Sciatica is a back disorder that involves the sciatic nerve—which is actually a group of nerves (the body’s longest) bound in one nerve sheath that runs from the lower back through the buttock and thigh to the knee, where it branches, and down into the foot.
When pressure is placed on this nerve, pain may be felt from the lower back to the toes. The pain from sciatica most often strikes people in their 40s and 50s, but may occur at any age.
Symptoms of Sciatica
- Pain—which can be dull or intense—that often starts in the hip or buttock and radiates down through the leg, sometimes reaching the foot. The pain is frequently only on one side, and often becomes worse at night.
- Pain may also be aggravated by laughing, sneezing, straining on the toilet, and coughing.
- Weakness and numbness in the leg
- The feeling of pricking and tingling in the legs
What Causes Sciatica?
It’s not age that causes sciatica, but probably a combination of other factors: work that requires repetitive lifting, sudden strain in lifting a heavy object, or constant exposure to mechanical vibrations (for example, long hours behind the wheel of a car or truck). Severe low-back pain, including sciatica, also shows a high correlation with job dissatisfaction and depression—though whether depression aggravates the back pain or is the result of it is hard to determine. Some studies have also suggested that cigarette smoking may be a risk factor.
You can also have sciatica without any of these risk factors. You may be a healthy, happy person who never lifts anything and yet, for no apparent reason, suffer a sudden attack when you bend or turn slightly.
Some experts blame slipped, or herniated, disks for irritating the sciatic nerve. Disks are the fibrous padding between the vertebrae; when a disk “slips,” or herniates, it bulges and can press on the sciatic nerve. Other researchers blame the piriformis muscle in the buttocks—the muscle that allows you to lift your leg sideways. If inflamed by injury or overexertion, the piriformis muscle can press against the sciatic nerve.
What If You Do Nothing?
In about half of all cases, the pain from sciatica resolves spontaneously within four weeks.
Home Remedies for Sciatica
Sciatica often improves with only the simplest self-care measures. As the pain diminishes, it’s all right to sit up and begin to move around as long as you avoid bending or any strenuous activity. Let your own discomfort level be your guide.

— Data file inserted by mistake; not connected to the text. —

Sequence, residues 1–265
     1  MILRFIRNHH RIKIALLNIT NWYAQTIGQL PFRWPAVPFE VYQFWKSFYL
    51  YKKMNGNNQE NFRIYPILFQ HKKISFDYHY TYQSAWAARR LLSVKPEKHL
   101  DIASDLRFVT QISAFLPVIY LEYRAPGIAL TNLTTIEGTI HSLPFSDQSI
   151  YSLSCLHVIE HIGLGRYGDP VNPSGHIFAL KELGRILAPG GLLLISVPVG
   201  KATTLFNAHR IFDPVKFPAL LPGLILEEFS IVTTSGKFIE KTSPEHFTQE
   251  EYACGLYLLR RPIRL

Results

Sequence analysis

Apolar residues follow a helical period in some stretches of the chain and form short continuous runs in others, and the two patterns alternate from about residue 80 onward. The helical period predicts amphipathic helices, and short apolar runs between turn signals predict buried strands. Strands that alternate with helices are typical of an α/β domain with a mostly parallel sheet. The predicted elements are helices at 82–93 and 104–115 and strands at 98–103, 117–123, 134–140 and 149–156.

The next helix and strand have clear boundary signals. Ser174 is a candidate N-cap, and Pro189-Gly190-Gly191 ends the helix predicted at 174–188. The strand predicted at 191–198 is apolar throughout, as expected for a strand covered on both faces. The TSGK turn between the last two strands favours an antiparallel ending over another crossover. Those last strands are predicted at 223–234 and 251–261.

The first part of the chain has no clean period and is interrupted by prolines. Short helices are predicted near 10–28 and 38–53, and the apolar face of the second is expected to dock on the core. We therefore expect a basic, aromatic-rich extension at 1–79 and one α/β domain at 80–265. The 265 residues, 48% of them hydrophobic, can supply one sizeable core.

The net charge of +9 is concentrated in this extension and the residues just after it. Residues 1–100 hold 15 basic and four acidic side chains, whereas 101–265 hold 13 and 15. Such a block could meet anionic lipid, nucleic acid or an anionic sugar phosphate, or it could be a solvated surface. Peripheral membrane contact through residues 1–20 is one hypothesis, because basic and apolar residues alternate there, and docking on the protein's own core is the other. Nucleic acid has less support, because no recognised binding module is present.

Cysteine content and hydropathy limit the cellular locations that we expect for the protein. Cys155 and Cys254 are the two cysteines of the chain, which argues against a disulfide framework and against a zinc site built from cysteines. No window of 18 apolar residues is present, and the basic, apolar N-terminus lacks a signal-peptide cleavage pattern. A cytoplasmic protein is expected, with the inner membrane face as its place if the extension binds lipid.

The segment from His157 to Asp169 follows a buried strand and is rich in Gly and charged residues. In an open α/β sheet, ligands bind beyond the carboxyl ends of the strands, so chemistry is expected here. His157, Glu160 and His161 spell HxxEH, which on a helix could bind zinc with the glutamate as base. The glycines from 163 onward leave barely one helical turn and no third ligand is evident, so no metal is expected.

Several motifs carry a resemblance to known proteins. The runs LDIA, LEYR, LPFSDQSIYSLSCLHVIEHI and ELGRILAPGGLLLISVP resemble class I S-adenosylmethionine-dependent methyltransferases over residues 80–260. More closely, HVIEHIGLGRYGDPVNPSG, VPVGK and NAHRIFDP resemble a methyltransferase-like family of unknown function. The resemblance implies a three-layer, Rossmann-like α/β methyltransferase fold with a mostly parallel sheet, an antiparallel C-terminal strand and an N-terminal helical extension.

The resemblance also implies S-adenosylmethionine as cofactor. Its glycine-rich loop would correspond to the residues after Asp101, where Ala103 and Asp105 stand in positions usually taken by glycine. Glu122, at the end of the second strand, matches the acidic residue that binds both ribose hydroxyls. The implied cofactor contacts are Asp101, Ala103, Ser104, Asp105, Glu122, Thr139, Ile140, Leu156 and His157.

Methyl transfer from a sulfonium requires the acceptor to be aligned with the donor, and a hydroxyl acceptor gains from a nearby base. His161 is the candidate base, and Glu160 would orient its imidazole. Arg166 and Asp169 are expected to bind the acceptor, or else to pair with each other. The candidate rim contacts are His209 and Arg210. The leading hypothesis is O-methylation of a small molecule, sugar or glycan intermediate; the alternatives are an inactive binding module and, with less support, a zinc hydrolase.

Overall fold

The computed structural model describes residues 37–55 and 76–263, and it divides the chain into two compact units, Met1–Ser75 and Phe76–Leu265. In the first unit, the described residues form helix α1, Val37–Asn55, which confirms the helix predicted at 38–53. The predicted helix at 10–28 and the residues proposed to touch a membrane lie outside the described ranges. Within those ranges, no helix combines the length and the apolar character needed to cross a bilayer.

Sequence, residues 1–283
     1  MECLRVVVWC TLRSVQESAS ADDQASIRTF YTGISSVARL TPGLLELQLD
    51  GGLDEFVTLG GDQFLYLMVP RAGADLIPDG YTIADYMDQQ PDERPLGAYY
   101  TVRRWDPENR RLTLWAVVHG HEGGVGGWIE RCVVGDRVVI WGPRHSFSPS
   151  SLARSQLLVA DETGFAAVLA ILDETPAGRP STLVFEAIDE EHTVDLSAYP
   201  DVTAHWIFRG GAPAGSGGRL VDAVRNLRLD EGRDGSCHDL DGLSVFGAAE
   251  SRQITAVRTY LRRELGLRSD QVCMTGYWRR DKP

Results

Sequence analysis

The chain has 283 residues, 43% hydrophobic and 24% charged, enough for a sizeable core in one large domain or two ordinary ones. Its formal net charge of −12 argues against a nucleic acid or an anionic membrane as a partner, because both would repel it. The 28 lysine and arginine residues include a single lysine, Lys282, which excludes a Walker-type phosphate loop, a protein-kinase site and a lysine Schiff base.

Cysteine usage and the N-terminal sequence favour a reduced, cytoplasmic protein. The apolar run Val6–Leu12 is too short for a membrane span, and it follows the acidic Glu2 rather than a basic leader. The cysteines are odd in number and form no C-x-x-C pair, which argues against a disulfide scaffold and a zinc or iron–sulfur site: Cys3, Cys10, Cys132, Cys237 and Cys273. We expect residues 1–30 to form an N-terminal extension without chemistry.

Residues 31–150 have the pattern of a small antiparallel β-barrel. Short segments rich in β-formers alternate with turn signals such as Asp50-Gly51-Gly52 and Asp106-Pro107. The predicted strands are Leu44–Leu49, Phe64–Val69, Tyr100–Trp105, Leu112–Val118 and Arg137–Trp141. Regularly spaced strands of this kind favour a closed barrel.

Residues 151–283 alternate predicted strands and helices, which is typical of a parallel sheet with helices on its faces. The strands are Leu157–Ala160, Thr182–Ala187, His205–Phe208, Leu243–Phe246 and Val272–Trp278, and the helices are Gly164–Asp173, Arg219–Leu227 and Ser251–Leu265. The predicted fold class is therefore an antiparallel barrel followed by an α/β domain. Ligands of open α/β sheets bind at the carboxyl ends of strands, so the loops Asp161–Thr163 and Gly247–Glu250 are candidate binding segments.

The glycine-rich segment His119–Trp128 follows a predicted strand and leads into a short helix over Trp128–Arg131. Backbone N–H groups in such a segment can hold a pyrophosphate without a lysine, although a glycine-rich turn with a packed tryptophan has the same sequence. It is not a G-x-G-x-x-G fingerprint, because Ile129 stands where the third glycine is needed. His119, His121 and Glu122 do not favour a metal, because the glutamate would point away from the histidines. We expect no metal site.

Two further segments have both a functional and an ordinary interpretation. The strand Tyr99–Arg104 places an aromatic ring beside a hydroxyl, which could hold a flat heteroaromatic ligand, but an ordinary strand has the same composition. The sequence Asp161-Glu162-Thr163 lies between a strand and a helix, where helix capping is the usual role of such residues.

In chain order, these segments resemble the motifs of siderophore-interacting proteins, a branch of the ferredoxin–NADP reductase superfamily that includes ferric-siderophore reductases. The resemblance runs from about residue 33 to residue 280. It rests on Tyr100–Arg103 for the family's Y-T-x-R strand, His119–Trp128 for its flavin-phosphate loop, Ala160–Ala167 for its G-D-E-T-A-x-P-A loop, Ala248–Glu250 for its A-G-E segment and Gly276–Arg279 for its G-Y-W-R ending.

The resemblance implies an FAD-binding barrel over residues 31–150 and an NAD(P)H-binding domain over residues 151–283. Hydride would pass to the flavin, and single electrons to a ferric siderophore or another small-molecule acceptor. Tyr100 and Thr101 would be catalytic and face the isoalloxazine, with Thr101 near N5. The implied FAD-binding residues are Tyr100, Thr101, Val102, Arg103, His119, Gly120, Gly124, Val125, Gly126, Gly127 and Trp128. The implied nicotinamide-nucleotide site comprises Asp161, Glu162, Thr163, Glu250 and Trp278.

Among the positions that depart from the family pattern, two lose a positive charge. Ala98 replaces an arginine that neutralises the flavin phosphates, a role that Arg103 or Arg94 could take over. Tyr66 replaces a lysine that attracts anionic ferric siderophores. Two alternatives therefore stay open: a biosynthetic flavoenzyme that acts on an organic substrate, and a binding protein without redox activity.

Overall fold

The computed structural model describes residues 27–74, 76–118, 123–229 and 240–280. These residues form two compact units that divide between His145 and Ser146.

- Relieve the pain. You may want to try an over-the-counter NSAID—aspirin, ibuprofen, or naproxen—or acetaminophen for five to seven days.
- Rest. If the pain is severe, a day or two in bed may bring welcome relief by helping calm down an angry nerve root. Two days in bed, studies have shown, will usually do as much good as a week. Lie on a firm mattress with your unaffected side facing down and your legs slightly bent. Place a pillow or two between your knees to support the affected leg.
- Try heat. Apply a heating pad to the affected buttock. A hot bath, shower, sauna, or whirlpool may also provide some relief.
- Try cold. Apply an ice pack to the sore buttock for 15 minutes several times a day.
- Avoid heavy lifting. When your back is sore or painful, avoid lifting anything heavier than 10 pounds. When you do lift, make sure your knees are bent and that you lift with your arms, not with your back muscles, keeping the object close to your body.
- Use acupressure and acupuncture.
- Strengthen your muscles. Though poor posture is not known to cause sciatica, strong abdominal and back muscles—which can be developed through exercise—can help keep your back healthy.
- Exercise regularly. A regular exercise routine might be particularly important if your job puts you at risk for back pain.
Beyond Home Remedies: When To Call Your Doctor
Contact your physician if the pain is severe, or if it doesn’t start to improve after several days of self-care measures. In addition, contact your doctor if you develop any leg or foot numbness. This may indicate a more serious problem.
What Your Doctor Will Do
Typically, after diagnosing sciatica, the first step a physician will try is bed rest and painkillers. Your doctor may prescribe a painkiller stronger than aspirin or ibuprofen.
If you don’t get better, your doctor may need to determine whether your problem comes from a herniated disk, an inflamed piriformis muscle, or other causes. X-rays may be needed if the diagnosis is uncertain, but since they don’t show soft-tissue problems, magnetic resonance imaging (MRI) may be ordered. An MRI reveals spinal architecture accurately and in great detail, though it is usually only useful if surgery is being considered.
Surgery may be an option in some persistent cases, but it is expensive, requires a long period of recuperation, and may not produce a cure. Before you consider back surgery, you should exhaust all other forms of treatment.
If your doctor suggests surgery, always get a second opinion. Whatever the diagnosis, ask for the most conservative treatments first—rest, exercise, painkillers, and physical therapy. And be patient.
The Complete Home Wellness Handbook
John Edward Swartzberg, M.D., F.A.C.P., Sheldon Margen, M.D., and the editors of the UC Berkeley Wellness Letter
Updated by Remedy Health Media